The MAP sensor (manifold absolute pressure) calculates the air pressure in the intake manifold. The manifold absolute pressure is located on top of the intake manifold in the engine bay. A faulty map sensor will provide your computer with the wrong information and the computer will send more fuel into the combustion chamber. If the map sensor is faulty, you should replace the sensor.

7. Faulty coolant temperature sensor

When the engine is cold at startup, more fuel is sprayed into the engine until it reaches the normal working temperature. The temperature sensor measures the coolant temperature. However, if the coolant temperature sensor is faulty, it can no longer measure the temperature of the coolant and more fuel will be sprayed into the combustion chamber resulting in black smoke coming from the exhaust.

8. Faulty air intake temperature sensor

The intake air temperature sensor measures the temperature of the incoming air. It helps calculate and regulate the amount of fuel added or restricted. If the air intake temperature sensor is faulty, it can no longer measure the temperature of the incoming air and will provide the ECM with inaccurate information.

9. Overfilling engine with oil

Putting too little oil in your engine could definitely damage your engine. But, putting too much oil in your engine could cause it to smoke and cause severe mechanical damage as well.

When you overfill your engine with oil, the engine oil ends up getting past your oil ring, and your piston rings. From there it gets to the top of the cylinder and it goes into your combustion chamber and then burns off with the air-fuel mixture. After the combustion is done, the smoke that will exit through the tailpipe will most definitely be black.

You should park your vehicle on a leveled surface and check your engine oil level when the engine is cold. If you have more oil, make sure to drain some in an oil pan.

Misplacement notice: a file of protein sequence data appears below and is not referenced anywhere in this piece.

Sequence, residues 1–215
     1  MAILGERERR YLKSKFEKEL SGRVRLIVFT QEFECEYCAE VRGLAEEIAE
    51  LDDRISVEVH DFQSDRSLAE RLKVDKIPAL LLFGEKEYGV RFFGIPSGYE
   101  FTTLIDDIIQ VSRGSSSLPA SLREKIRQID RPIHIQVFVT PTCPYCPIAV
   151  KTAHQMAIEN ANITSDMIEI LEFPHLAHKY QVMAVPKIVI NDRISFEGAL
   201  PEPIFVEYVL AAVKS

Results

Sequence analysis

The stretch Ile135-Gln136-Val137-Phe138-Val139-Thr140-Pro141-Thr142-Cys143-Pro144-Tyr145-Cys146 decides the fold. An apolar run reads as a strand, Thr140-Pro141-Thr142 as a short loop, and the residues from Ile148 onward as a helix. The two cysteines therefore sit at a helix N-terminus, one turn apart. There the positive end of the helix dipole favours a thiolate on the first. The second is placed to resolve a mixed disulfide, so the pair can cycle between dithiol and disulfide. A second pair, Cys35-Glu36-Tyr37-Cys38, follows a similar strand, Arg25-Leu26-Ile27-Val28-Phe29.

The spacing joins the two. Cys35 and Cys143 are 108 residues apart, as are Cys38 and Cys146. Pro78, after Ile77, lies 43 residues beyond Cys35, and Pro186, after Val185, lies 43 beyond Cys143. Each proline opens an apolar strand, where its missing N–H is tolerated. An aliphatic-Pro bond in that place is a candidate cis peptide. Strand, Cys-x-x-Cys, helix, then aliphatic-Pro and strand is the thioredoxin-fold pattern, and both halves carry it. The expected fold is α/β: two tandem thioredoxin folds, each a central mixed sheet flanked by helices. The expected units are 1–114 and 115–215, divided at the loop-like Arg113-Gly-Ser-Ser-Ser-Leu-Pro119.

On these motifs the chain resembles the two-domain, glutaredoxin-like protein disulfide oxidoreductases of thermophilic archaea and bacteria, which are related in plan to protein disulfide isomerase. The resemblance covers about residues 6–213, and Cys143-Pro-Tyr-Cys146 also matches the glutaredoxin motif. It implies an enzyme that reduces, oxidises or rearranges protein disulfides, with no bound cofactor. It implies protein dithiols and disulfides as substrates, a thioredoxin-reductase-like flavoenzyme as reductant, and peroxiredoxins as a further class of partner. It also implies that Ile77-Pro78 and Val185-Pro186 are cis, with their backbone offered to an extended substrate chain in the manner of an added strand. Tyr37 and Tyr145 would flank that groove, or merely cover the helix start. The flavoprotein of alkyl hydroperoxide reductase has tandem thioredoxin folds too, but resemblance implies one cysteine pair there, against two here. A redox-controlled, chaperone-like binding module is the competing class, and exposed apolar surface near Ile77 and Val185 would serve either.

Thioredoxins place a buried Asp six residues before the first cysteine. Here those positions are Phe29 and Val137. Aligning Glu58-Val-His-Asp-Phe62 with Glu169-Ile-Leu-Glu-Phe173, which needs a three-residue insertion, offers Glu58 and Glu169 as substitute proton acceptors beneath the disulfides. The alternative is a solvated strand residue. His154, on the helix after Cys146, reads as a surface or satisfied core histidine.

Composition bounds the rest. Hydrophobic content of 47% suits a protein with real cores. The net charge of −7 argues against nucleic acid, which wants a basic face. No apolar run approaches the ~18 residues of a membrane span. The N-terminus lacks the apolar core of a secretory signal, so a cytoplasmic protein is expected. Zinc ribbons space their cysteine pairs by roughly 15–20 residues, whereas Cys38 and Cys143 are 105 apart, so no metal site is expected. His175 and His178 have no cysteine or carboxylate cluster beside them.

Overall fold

10. Engine is burning oil

This usually happens on engines that have a lot of miles on them, or I guess on engines that have not been maintained properly and haven’t had their oil changes done on time.

What happens is your piston rings and your oil rings wear out and they cannot properly clean and scrape down the oil that gets on the cylinder walls. The leftover oil gets into the combustion chamber and gets burned off with the air-fuel mixture and black smoke gets emitted from the tailpipe.

Is Exhaust Smoke Normal

White or black smoke from the exhaust is not normal. A fully operational vehicle should not have any color smoke. If your vehicle is emitting black smoke from the exhaust, it means that the engine is getting more fuel than air. A correct fuel-to-air ratio is necessary for an engine to operate normally. White smoke on the other hand is associated with engine burning coolant. If you see white smoke from your exhaust, you should first check your coolant level and then take your vehicle to the repair shop.

Igor Iwanowski

I am a certified Automotive Service Excellence (ASE) mechanic since 2018. I specialize in Brake systems, dashboard warning lights, EGRs, general engine problems, EVAP and Emissions issues.